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Zsolt Bátori: The Relevance of Indexicality

After Post-Photography 3, European University, St. Petersburg, Russia, May 20, 2017.

ABSTRACT. In order to account for how we understand photographic images today we need to consider both the nature of the medium and the processes involved in the production, perception and interpretation of photographs. It is also desirable that our theory of photographic communication is embedded in a systematic and coherent theory of pictorial communication.


The theory of pictorial communication has advanced through various traditions, relying on diverse research methodologies. A long forgotten advancement in the philosophy of visual communication has been recently revived, suggesting that the theory of speech acts can be successfully extended and further developed for explaining the communicative processes involved in understanding and interpreting pictures and other visual phenomena. In my talk I first consider how the theory of pictorial illocutionary acts may explain the processes involved in interpreting photographic images. In this part of my talk I use photographic deception as an example, and I show how the theory of pictorial illocutionary acts may be extended specifically to photographic illocutionary acts. I explain how this theory accounts for various types of photographic deception, and also for interpreting photographic images as photographic images.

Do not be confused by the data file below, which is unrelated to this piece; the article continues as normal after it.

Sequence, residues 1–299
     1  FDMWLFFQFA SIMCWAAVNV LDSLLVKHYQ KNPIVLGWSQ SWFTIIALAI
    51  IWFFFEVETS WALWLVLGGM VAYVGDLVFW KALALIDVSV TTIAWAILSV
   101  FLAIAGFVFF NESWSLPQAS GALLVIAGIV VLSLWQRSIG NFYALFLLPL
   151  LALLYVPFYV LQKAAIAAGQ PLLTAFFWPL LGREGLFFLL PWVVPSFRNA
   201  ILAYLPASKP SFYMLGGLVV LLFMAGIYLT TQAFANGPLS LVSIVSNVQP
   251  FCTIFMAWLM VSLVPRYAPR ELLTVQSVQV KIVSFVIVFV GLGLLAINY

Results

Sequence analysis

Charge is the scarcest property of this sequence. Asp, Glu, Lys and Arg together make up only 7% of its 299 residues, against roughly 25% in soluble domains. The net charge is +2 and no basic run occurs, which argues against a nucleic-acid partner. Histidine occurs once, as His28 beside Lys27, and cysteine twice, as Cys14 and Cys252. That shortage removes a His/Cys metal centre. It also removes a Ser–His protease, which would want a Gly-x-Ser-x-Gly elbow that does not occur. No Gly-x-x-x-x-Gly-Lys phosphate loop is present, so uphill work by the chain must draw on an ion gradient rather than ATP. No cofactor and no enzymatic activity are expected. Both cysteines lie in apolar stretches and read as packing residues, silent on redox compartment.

In the second part of the talk I argue that indexicality has a central role in the default interpretation of photographs even today, and even in case of digital and mobile photography. I also provide a systematic typology of cases (contexts) when the default photographic illocutionary act is modified, resulting in a new illocutionary act in which indexicality is no longer assumed. I show how the proposed account explains that in case of a photographic illocutionary act we interpret the image as a product of photographic processes, even with the added understanding of possible analogue or digital manipulation of the photographic image.


I argue that the default interpretation of photographs relies on our more or less precise knowledge about the difference between the ontological and epistemic status of photographic images on the one hand, and drawings, paintings, and other non-photographic images on the other hand. The typology of diverging interpretations (modified, non-photographic illocutionary acts), however, will not be based on technological advancements (e.g., analogue versus digital) but on our contextual knowledge of factors responsible for modifying the ontological and epistemic status of the image we consider.

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